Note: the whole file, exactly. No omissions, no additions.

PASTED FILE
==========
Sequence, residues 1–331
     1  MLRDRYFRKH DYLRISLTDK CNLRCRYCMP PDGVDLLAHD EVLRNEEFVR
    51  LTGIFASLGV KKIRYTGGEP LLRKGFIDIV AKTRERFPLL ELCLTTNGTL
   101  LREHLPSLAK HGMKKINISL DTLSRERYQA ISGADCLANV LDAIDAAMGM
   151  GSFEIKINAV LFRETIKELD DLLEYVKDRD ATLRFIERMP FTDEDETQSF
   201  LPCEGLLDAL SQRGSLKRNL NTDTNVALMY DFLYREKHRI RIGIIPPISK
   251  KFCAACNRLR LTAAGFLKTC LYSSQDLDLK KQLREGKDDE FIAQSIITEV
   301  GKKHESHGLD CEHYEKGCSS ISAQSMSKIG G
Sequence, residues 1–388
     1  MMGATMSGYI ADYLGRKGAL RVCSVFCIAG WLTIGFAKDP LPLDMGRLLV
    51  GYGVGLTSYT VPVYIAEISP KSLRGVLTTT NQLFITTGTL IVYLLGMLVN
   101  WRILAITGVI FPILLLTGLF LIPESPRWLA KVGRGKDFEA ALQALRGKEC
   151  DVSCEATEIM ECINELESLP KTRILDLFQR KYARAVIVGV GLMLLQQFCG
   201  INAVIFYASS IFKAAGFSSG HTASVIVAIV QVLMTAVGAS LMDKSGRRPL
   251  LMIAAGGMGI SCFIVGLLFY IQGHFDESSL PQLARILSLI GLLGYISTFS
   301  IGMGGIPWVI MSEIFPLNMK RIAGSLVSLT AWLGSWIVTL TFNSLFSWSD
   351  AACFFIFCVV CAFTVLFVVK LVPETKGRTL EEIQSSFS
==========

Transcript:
Sequence, residues 1–331
     1  MLRDRYFRKH DYLRISLTDK CNLRCRYCMP PDGVDLLAHD EVLRNEEFVR
    51  LTGIFASLGV KKIRYTGGEP LLRKGFIDIV AKTRERFPLL ELCLTTNGTL
   101  LREHLPSLAK HGMKKINISL DTLSRERYQA ISGADCLANV LDAIDAAMGM
   151  GSFEIKINAV LFRETIKELD DLLEYVKDRD ATLRFIERMP FTDEDETQSF
   201  LPCEGLLDAL SQRGSLKRNL NTDTNVALMY DFLYREKHRI RIGIIPPISK
   251  KFCAACNRLR LTAAGFLKTC LYSSQDLDLK KQLREGKDDE FIAQSIITEV
   301  GKKHESHGLD CEHYEKGCSS ISAQSMSKIG G
Sequence, residues 1–388
     1  MMGATMSGYI ADYLGRKGAL RVCSVFCIAG WLTIGFAKDP LPLDMGRLLV
    51  GYGVGLTSYT VPVYIAEISP KSLRGVLTTT NQLFITTGTL IVYLLGMLVN
   101  WRILAITGVI FPILLLTGLF LIPESPRWLA KVGRGKDFEA ALQALRGKEC
   151  DVSCEATEIM ECINELESLP KTRILDLFQR KYARAVIVGV GLMLLQQFCG
   201  INAVIFYASS IFKAAGFSSG HTASVIVAIV QVLMTAVGAS LMDKSGRRPL
   251  LMIAAGGMGI SCFIVGLLFY IQGHFDESSL PQLARILSLI GLLGYISTFS
   301  IGMGGIPWVI MSEIFPLNMK RIAGSLVSLT AWLGSWIVTL TFNSLFSWSD
   351  AACFFIFCVV CAFTVLFVVK LVPETKGRTL EEIQSSFS